144 tickets for France Six Nations clash 'lost'
An investigation is underway after 144 match tickets for the home game against France in the RBS Six Nations were "lost in transit".
The Irish Rugby Football Union (IRFU) is advising fans looking to avail of tickets for the sold out Ireland-France encounter on February 14 not to buy tickets off unofficial sellers.
The IRFU will cancel the lost tickets and have reissued them to the clubs they were originally destined for.
It is believed that seven packages containing the 144 tickets went missing during delivery, but it is not believed that the tickets have "fallen into the wrong hands".
An Post said it is investigating the incident as a matter of urgency.
"An Post is working with the IRFU and Ticketmaster in respect of seven registered mail items which appear not to have reached their destination," the spokesperson said.
"Replacement tickets have been issued to the affected customers and while there is no reason to believe that the outstanding items have fallen into the wrong hands, the IRFU have taken the opportunity to remind rugby fans never to buy tickets from unofficial outlets," An Post added.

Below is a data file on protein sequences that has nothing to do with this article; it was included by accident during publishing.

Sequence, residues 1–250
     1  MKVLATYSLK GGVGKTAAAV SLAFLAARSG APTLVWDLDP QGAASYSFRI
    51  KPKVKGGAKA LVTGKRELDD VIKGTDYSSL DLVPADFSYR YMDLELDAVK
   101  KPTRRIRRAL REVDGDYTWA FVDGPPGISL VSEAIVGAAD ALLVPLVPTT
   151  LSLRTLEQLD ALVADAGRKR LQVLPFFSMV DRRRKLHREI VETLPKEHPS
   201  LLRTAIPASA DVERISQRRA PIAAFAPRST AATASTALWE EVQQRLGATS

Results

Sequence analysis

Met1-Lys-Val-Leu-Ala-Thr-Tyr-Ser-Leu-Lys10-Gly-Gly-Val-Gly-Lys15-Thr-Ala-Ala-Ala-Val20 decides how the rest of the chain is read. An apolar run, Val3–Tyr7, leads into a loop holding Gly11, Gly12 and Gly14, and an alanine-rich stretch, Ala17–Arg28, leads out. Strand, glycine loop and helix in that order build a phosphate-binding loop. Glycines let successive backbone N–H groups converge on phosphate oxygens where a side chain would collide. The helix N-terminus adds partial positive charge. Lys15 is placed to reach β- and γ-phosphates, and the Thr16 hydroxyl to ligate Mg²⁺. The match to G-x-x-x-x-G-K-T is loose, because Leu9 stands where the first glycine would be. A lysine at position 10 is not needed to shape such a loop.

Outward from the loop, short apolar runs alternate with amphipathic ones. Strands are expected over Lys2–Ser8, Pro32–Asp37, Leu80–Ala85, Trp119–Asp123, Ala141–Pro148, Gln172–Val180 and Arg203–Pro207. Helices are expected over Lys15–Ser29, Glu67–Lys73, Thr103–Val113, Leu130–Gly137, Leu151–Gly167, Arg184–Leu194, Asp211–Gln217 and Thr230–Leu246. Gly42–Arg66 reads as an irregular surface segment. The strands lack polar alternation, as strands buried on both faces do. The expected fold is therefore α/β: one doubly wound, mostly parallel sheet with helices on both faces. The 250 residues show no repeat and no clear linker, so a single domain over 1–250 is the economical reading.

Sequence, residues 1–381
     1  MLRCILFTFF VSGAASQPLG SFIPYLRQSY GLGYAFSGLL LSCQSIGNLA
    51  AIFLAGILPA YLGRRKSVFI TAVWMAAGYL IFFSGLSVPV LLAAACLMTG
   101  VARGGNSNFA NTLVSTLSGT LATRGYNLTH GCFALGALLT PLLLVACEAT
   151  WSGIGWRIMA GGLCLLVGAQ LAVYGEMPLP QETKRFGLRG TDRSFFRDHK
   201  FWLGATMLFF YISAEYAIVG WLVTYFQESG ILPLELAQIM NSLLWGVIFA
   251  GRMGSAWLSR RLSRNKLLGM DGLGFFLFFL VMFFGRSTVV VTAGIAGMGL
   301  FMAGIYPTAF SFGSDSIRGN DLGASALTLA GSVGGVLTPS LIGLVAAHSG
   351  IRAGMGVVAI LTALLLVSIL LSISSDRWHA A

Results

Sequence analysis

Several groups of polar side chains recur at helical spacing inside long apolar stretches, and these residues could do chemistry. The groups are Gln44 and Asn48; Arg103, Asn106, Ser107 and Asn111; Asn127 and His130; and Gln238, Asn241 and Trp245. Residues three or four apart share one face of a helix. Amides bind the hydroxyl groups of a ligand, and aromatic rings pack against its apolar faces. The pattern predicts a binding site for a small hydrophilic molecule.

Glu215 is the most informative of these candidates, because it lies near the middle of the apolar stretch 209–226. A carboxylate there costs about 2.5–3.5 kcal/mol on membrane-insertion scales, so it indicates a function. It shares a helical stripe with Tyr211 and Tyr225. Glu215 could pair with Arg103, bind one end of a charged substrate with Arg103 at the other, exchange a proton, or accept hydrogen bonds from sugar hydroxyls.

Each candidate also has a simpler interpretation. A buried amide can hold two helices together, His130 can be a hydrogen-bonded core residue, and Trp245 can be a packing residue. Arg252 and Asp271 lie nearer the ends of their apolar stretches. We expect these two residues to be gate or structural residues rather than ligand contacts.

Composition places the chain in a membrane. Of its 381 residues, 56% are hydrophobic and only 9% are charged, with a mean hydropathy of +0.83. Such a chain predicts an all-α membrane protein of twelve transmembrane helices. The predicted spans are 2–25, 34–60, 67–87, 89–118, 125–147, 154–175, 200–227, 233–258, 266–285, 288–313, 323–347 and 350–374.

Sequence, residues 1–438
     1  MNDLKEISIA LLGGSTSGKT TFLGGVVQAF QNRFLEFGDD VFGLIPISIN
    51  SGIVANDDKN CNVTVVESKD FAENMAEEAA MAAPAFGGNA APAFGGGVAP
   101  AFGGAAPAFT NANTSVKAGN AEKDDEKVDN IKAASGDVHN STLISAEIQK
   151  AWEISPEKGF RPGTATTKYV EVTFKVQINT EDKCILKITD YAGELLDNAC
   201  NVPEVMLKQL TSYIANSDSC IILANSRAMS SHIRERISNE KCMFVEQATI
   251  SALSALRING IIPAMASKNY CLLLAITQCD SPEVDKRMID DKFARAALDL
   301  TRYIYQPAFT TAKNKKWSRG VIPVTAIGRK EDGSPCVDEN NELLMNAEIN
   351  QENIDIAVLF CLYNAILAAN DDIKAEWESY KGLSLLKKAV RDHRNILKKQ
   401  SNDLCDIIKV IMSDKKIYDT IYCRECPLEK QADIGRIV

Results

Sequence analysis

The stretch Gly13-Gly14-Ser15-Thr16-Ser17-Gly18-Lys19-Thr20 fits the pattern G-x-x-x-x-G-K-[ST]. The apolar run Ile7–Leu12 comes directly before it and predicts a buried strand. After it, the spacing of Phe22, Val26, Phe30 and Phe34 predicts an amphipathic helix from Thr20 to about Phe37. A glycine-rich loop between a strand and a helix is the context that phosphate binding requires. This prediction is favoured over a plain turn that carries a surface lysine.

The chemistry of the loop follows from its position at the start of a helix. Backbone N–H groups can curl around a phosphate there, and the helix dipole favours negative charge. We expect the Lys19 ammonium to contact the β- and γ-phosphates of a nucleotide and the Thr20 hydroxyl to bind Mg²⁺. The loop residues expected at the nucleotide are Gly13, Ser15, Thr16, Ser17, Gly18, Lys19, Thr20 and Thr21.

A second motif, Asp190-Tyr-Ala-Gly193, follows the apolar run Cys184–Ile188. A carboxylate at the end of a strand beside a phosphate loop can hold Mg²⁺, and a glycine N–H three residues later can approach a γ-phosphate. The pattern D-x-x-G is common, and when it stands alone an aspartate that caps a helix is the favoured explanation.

There was controversy in the lead up to last year's All-Ireland Hurling Final after tickets went on sale on the black market, ranging between €250 and €375 each.
Although Ireland's Valentine's Day affair with France is sold out, tickets can still be bought on 'marketplace' sites.
London based company Viagogo is offering tickets for the match with prices ranging from €120 to €1,888 for section 125.
The site provides fans with what it describes as "a safe and secure platform on which to buy and sell tickets".
Last year, English out-half Owen Farrell found himself at the centre of ticketing controversy after a ticket reserved for him turned up on the Viagogo website for 600pc its original value.
The £70 ticket for last years Ireland-England encounter at Twickenham was meant for the friend of one of Farrell's relations, but ended up being sold on the website for £440.
English rugby's governing body the Rugby Football Union (RFU) determined that the out-half did not act erroneously in the sale of the ticket and did not profit from the transaction and he was eventually cleared of any wrongdoing.